HomeQ&AUnit Chairperson

Unit Chairperson

1
vote

This is mentioned in a contract between an Union and a Company. What's the best translation for this? The dictionary gives me "Presidente" for Chairperson. I don't like how this sounds. Any other option'

2067 views
updated ENE 19, 2011
posted by 00e657d4

12 Answers

1
vote

Sorry if I pointed everybody in the wrong direction. It is the Unit Chairperson of the Union. Here is the complete paragraph:
"The Company shall post on the bulletin board an up-to-date seniority list not later than five (5) days after each four (4) month period. A copy of such list shall be furnished the Unit Chairperson of the Union. In the event two or more employees have the same seniority date, seniority among those employees for all purposes of this Agreement shall be determined by drawing names of the employees involved. Such drawing shall be conducted by the Vice-President of the Company and in the presence of the Unit Chairperson of the Local. "

updated ENE 19, 2011
posted by 00e657d4
1
vote

Yes Natasha. My wife is struggling with this contract, which is full of ........ these terms and there is not translation for them. We are just trying to understand what they want to say and put it in our own words. It's not easy. A lot of legal stuff there so you have to be very careful.

Natasha said:

This is difficult because unions have their own way of talking . . . jargon, you might say.

Heidita said:

A lo mejor jefe de departamento?

>

updated ENE 19, 2011
posted by 00e657d4
1
vote

I guess then that "presidente" or "jefe" is what I should use. I don't have the sentence here at work, but it refers to a person being in charge of the manufacturing unit.

updated ENE 19, 2011
posted by 00e657d4
0
votes

That sounds even funnier. I would have just said the Chairman of the Local Union (Chapter).

Guillermo said:

Sorry if I pointed everybody in the wrong direction. It is the furnished the Unit Chairperson of the Union. Here is the complete paragraph:"The Company shall post on the bulletin board an up-to-date seniority list not later than five (5) days after each four (4) month period. A copy of such list shall be furnished the Unit Chairperson of the Union. In the event two or more employees have the same seniority date, seniority among those employees for all purposes of this Agreement shall be determined by drawing names of the employees involved. Such drawing shall be conducted by the Vice-President of the Company and in the presence of the Unit Chairperson of the Local. "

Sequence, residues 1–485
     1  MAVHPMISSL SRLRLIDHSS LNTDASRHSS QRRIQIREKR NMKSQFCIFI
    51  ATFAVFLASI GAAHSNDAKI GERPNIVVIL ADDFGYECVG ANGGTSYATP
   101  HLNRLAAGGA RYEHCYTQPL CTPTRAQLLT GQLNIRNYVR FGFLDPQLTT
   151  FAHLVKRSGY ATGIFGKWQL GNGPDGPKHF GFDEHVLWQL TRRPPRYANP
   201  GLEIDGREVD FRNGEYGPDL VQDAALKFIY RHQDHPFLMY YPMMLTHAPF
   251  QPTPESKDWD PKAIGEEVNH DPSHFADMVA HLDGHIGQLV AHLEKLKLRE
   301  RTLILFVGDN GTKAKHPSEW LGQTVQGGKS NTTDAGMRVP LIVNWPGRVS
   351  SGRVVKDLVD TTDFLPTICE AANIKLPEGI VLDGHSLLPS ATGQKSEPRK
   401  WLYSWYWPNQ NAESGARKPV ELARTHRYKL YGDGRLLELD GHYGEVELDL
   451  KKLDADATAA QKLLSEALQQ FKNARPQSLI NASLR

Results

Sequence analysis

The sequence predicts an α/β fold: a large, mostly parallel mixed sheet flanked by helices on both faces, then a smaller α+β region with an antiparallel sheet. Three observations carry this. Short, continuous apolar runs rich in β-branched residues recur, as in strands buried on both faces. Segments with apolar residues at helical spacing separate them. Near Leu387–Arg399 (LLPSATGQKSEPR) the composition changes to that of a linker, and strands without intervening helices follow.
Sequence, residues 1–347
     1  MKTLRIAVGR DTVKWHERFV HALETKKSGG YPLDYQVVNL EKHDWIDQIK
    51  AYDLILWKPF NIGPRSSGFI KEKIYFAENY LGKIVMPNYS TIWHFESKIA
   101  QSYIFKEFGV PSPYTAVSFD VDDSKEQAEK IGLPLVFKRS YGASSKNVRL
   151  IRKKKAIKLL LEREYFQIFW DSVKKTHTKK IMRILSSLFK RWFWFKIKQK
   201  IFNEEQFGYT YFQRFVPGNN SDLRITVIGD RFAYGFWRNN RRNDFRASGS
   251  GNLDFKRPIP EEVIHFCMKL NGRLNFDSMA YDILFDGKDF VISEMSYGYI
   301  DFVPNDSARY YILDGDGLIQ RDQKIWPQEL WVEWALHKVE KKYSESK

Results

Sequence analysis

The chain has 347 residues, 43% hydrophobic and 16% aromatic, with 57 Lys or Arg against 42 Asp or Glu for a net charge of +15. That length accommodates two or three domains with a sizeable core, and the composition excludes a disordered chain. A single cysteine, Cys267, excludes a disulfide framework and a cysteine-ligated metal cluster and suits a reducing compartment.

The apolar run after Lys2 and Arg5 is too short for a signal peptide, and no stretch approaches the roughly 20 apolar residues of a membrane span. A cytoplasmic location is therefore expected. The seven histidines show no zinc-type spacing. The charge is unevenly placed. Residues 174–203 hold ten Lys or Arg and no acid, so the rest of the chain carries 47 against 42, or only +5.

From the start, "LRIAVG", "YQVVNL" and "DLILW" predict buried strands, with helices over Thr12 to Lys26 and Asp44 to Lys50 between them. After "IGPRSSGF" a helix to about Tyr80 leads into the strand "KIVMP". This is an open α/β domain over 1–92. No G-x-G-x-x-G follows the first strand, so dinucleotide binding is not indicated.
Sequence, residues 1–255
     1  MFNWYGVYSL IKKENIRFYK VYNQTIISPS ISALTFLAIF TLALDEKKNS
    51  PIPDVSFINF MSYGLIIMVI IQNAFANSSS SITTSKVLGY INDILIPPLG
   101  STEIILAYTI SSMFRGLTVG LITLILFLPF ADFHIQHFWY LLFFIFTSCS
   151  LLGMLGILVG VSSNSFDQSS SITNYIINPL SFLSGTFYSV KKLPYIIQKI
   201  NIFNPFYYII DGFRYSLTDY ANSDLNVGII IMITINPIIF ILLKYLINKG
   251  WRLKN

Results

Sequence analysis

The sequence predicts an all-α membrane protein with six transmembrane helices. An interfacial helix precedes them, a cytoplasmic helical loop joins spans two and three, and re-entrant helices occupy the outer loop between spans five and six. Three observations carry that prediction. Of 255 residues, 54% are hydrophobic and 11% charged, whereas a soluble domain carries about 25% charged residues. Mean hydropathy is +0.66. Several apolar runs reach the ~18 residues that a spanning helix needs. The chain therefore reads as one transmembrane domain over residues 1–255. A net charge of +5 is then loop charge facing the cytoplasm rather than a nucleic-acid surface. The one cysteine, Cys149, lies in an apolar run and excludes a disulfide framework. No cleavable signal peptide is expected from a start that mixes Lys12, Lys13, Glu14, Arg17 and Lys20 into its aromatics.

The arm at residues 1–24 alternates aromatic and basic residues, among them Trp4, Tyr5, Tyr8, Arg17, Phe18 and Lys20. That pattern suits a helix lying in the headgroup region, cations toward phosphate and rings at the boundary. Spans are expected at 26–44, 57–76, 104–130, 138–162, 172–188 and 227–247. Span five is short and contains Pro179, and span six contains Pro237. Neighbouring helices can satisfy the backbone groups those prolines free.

>

updated NOV 17, 2008
posted by Natasha
0
votes

Natasha said:

Chairperson is just a PC way of saying chairman.
Hear! Hear! My mother (who was for a number of years the chairman of the English Department at a local university) always referred to herself (and never objected to the reference by others) as the department "chairman".

updated NOV 17, 2008
posted by samdie
0
votes

Not that it will help Guillermo, but it just occurred to me why chairperson is unsuitable in this context. The word originally referred to an actual chair (silla) that was occupied by the person presiding over a sit-down meeting of some kind. There were several or many other chairs for the other members, but this special chair was reserved for the leader of the group. Since a manufacturing unit does not sit around a table, it is incongruous to call its leader a chairperson.

updated NOV 17, 2008
posted by 00bacfba
0
votes

Have you decided upon the best translation for "unit"? That's probably the key word here. "Unit Chairperson" kind of sounds like legalese which is intended to be as broad as possible. (Unit could conceivably be a department, a division, or just about any other "building block" within the company. It's kind of going to depend upon the org chart of the company in question.)

updated NOV 17, 2008
posted by Natasha
0
votes

If it makes you feel any better, Guillermo, "unit chairperson" sounds odd to my ear as well. A person usually chairs a committee, an organization, a faculty, etc., but not a manufacturing unit. Sounds rather pompous to me. If this person's job is to supervise the unit, then I would call him or her a supervisor, and if the job were to represent the unit in labor negotiations, then I would use "representative."

But as Natasha says, this is probably jargon, and it was probably coined by people who don't write English for a living.

updated NOV 17, 2008
posted by 00bacfba
0
votes

This is difficult because unions have their own way of talking . . . jargon, you might say.

Heidita said:

A lo mejor jefe de departamento?

>

updated NOV 17, 2008
posted by Natasha
0
votes

A lo mejor jefe de departamento'

updated NOV 17, 2008
posted by 00494d19
0
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Chairperson is just a PC way of saying chairman. (I'm just mentioning it, because a search on wordreference turns up quite a bit more for "chairman" than for "chairperson.") Suggestions there include moderador/a, but I'm not sure if that fits your context.

(Sorry, didn´t see James´response before posting mine.)

updated NOV 17, 2008
posted by Natasha
0
votes

You obviously have a much better feel for what sounds right than I do, but I wonder if you could use any of these: moderador, jefe, encargado.

updated NOV 17, 2008
posted by 00bacfba
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